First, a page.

Looking to make your images unique? Want to see things from a new perspective? Try experimenting with Photoshop’s Photomerge feature or AutoStitch app to combine numerous images into a single wide angle view. It’s all automated. Just select the images you want to merge, sit back, and let Photoshop do the rest.

buckwheat and beePerhaps you’re looking for something a little more retro. Thanks to the new digital cameras and Smartphones, we’re able to capture well-lit, sharp focus images, so what’s the big deal? Anyone can take “nice” pictures these days. So, let’s look at images differently and carefully mess them up like we used to do by accident.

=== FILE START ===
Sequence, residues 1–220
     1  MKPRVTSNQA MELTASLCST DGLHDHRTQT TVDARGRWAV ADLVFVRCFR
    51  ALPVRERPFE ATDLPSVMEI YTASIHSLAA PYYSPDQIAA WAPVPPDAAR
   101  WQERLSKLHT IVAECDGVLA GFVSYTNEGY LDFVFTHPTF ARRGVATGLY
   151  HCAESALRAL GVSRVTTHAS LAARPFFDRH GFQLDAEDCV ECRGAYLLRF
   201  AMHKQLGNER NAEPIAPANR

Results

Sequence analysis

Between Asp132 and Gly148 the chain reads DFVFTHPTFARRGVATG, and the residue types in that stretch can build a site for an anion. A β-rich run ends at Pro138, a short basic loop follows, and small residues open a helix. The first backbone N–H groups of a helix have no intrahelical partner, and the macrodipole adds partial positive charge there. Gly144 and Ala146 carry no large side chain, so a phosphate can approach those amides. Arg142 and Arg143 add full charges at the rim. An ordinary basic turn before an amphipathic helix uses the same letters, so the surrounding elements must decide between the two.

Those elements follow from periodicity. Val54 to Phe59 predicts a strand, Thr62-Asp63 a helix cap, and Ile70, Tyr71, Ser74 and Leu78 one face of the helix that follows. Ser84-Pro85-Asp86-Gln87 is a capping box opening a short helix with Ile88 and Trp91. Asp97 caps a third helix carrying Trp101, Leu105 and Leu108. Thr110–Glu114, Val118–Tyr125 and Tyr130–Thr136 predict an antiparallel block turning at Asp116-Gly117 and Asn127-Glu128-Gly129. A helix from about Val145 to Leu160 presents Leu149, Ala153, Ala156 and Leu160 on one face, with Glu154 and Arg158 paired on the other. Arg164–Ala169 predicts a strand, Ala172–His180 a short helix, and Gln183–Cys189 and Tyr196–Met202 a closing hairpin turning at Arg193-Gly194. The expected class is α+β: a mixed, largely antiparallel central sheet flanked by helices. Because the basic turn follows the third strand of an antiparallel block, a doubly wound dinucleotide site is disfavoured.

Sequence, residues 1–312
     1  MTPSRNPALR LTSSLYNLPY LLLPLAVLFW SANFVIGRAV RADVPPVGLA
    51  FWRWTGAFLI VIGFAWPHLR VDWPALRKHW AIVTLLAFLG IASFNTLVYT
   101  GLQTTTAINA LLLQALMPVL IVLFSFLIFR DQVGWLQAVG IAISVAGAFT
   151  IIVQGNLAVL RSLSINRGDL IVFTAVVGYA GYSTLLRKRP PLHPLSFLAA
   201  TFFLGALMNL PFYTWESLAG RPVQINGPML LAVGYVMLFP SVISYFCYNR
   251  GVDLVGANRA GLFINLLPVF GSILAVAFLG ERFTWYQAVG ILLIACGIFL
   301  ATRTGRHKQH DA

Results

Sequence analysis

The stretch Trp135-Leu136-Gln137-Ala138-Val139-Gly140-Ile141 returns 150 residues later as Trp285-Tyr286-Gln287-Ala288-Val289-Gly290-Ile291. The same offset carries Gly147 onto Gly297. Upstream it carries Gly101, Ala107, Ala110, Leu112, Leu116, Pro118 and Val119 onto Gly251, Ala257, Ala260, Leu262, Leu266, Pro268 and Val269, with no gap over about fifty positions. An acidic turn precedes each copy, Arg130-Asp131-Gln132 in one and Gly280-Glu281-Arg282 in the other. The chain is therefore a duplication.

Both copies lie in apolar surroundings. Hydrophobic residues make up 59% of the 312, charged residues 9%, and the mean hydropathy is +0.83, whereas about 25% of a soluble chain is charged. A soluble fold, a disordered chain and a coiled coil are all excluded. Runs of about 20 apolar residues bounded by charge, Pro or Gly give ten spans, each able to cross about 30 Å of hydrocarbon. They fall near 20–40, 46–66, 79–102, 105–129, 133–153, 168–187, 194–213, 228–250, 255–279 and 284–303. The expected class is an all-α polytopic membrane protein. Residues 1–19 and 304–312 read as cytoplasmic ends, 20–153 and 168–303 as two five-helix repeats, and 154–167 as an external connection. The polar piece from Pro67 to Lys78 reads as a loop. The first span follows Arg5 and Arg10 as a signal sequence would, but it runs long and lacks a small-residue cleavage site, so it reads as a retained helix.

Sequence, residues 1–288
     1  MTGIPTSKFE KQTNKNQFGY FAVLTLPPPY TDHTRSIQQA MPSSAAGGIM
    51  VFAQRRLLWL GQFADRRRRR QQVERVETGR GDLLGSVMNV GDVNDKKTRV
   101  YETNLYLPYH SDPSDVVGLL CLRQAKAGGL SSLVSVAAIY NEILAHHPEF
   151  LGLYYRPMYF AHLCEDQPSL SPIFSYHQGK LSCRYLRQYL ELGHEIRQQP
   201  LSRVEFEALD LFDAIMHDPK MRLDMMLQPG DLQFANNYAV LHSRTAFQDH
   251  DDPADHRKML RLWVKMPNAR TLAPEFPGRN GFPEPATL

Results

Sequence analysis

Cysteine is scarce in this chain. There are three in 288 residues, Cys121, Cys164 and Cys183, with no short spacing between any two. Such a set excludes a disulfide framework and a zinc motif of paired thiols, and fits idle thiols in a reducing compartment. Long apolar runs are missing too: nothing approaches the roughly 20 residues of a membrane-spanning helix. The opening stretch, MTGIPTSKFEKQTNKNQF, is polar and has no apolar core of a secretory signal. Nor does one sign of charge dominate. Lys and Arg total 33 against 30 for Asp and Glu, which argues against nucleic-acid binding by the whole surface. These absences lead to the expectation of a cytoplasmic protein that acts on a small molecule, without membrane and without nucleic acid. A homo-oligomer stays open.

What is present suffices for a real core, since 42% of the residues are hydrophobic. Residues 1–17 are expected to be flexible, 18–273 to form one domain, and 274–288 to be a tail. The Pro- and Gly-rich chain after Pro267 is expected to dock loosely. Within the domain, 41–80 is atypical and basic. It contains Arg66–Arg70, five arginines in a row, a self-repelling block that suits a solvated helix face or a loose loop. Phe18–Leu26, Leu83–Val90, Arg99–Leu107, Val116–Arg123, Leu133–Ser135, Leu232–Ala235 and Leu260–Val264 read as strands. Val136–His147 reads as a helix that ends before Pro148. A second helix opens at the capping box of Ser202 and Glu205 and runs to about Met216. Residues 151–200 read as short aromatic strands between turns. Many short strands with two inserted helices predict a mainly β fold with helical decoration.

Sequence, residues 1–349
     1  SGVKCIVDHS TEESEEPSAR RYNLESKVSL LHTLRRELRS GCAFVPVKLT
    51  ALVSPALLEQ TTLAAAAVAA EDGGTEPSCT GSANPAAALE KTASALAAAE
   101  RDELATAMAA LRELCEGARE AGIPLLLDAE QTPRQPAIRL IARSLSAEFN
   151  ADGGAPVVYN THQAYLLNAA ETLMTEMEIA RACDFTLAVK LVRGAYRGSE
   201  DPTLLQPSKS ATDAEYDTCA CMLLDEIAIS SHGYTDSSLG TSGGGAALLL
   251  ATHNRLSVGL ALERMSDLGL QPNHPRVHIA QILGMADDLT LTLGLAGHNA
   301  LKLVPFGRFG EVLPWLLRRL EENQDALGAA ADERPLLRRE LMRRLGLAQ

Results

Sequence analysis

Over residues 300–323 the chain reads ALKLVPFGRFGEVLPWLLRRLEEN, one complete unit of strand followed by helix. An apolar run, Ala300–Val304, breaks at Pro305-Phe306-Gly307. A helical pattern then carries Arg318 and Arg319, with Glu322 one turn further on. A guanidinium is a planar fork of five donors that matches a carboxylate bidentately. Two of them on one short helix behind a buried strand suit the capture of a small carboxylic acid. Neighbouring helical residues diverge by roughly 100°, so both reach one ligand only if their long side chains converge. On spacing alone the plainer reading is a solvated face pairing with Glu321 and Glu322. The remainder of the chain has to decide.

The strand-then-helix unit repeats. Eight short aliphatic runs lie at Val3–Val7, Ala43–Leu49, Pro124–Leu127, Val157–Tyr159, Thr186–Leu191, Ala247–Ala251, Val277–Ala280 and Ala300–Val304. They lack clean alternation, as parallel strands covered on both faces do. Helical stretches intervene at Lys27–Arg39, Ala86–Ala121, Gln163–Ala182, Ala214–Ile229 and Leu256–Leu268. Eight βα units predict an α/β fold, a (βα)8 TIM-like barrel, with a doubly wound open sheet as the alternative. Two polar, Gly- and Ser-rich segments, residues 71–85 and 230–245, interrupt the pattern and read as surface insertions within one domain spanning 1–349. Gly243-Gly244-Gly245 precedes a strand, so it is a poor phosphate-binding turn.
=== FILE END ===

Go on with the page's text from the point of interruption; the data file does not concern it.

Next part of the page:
After reviewing my photos of the busy bees, I realized that the plants they were all attracted to were buckwheat plants. So, I decided to grunge up the photo with an app and create the masking tape label with “B is for…”, surprise, not bee. Two apps were used in the creation of the photo—Pic Grunger and Labelbox.

Want to learn more about the phone apps? Check out former OCPW featured artist, Holly Higbee-Jansen’s Photographic Explorations. Here you’ll learn about Holly’s favorite phone apps, as well as online and in-person workshops and photography coaching.

Annual Christmas Card Challenge

Victorian era Christmas cardEvery year when it comes time to make the holiday card, whether for business or personal, I struggle to come up with fresh ideas that top previous years’ efforts. Invariably it’s the shoemaker’s kid who goes without shoes…that was me growing up as the shoemaker’s kid, and it’s still me as a designer, generating fresh ideas for clients year after year. No matter how much design and printing styles have morphed over the 17 decades since Christmas cards were first exchanged in London in 1843, much about the sentiments and adornments remain virtually unchanged.